This week's book giveaway is in the OO, Patterns, UML and Refactoring forum. We're giving away four copies of Refactoring for Software Design Smells: Managing Technical Debt and have Girish Suryanarayana, Ganesh Samarthyam & Tushar Sharma on-line! See this thread for details.
Choosing between JSTL and Velocity really depends on the needs of your project. Certainly, you will find that out of the box JSTL provides many useful features that are not present in a vanilla Velocity install and many developers are already comfortable with with JSP tag syntax.
On the flip side of this, Velocity is much better in a multi-disciplined environment because its syntax is easier for non-developers to understand. Extending Velocity is really simple when using macros, which are all written in VTL, making it easy for designers to build reusable components as well as developers. For more power when building extensions you can build your own directives (a command that starts with a #) using Java. This mechanism gives you direct access to the underlying syntax tree built by the parser. Both of these approaches are covered in the book.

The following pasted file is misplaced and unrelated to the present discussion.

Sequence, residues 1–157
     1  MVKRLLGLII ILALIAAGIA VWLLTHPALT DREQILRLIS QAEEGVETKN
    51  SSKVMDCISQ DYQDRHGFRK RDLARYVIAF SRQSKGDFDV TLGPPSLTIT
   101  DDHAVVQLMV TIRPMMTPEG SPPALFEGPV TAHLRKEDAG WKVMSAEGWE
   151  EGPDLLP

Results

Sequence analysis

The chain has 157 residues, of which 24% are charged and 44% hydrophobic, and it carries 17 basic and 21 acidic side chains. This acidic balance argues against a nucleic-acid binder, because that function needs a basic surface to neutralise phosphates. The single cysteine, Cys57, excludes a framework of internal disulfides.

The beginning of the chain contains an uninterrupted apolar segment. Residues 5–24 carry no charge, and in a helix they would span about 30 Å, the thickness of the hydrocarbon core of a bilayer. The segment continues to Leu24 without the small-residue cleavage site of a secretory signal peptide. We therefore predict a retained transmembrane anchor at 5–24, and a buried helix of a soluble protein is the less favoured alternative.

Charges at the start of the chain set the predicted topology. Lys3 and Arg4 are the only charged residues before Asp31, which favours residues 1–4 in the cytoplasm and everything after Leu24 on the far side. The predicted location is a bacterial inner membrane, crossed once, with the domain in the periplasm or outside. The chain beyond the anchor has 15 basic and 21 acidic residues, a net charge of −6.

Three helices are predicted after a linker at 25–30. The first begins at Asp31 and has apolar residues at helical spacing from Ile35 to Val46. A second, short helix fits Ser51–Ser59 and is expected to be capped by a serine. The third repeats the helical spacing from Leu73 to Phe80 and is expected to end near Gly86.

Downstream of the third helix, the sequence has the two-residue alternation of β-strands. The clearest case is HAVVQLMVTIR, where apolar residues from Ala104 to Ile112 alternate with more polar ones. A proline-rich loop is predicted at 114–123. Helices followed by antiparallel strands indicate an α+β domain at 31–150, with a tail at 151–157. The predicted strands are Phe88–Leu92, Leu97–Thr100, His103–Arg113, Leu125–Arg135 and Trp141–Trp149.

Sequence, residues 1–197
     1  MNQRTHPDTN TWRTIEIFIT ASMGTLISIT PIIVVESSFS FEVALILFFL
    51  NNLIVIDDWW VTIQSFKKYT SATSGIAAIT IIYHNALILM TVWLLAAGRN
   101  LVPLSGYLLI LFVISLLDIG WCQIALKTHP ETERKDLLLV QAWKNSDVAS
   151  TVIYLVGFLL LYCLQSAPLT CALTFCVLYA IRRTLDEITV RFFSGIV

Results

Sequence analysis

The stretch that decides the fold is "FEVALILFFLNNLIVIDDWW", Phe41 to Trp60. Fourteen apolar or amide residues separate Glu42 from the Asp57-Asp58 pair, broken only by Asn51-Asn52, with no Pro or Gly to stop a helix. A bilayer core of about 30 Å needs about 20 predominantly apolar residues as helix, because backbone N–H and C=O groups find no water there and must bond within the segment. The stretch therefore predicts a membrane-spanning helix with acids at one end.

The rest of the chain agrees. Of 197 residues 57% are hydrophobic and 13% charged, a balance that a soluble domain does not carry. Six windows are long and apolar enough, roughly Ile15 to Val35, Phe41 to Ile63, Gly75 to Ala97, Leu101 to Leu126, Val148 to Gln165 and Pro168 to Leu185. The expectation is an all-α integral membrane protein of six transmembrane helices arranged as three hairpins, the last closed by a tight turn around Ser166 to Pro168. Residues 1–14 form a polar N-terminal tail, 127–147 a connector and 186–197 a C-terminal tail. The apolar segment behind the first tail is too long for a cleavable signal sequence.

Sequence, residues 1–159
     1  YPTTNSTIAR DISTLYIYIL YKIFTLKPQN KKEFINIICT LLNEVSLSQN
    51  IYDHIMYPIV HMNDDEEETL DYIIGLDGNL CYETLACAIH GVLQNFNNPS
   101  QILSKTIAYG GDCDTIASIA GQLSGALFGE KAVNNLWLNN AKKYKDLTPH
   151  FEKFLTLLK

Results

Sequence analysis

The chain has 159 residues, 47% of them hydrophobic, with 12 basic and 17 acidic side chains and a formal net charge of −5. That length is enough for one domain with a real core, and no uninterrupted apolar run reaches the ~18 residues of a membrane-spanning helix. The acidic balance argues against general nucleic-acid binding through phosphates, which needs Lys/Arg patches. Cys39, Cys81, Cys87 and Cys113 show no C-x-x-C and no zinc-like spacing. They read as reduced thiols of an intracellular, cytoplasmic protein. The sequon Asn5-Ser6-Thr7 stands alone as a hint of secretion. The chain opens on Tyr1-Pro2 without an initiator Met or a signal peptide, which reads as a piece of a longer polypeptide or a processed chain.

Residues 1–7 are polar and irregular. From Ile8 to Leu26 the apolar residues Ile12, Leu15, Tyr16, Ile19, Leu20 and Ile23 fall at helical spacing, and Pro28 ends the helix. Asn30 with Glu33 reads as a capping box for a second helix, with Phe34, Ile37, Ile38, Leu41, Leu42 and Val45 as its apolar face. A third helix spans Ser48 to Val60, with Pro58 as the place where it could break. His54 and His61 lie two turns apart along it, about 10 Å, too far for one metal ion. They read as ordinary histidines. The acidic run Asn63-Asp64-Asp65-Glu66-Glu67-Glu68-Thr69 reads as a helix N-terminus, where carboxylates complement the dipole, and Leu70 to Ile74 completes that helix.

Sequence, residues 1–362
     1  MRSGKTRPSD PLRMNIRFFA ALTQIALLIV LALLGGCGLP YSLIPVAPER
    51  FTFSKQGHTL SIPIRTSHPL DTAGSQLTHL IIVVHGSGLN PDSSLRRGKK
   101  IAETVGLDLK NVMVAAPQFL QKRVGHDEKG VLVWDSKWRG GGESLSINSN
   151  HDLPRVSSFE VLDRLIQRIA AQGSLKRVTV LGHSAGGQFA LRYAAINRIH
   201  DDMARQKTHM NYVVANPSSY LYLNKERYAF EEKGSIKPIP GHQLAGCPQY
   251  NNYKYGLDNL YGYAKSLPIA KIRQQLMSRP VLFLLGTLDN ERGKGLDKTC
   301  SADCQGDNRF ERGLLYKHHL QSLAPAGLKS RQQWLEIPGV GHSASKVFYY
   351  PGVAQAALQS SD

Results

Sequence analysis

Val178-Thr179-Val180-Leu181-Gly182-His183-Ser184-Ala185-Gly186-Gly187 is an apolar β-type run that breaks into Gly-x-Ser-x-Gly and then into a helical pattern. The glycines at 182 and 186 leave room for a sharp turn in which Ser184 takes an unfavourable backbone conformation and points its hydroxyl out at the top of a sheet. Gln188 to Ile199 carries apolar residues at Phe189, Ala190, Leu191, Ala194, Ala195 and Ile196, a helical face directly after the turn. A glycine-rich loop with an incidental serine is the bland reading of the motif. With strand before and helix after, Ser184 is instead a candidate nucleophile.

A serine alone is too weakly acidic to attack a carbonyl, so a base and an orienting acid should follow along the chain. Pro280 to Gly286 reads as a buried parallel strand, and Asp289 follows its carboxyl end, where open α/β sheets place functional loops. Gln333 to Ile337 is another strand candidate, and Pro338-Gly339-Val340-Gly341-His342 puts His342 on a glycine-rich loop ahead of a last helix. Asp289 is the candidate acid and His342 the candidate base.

Since the book was written, a collection of useful Velocity macros has been added to Spring simplifying the creation of HTML forms and Velocity supoprt has been greatly extended in the framework.
You will also find that Velocity performs much better than the equivalent JSP code. I didn't quantify this in the book, but Rod Johnson does in his Expert One-on-One J2EE book - Velocity is twice as fast as JSP.
Of course, Velocity has many uses outside of the web, a topic which is covered extensively in my book. We use Velocity for generating mail from systems, for generating code as part of a generation framework, for generating CSV output plus a string of other uses.
Once you have tried Velocity and experienced the ease with which you can build web apps, I doubt you'll go back to JSP and JSTL.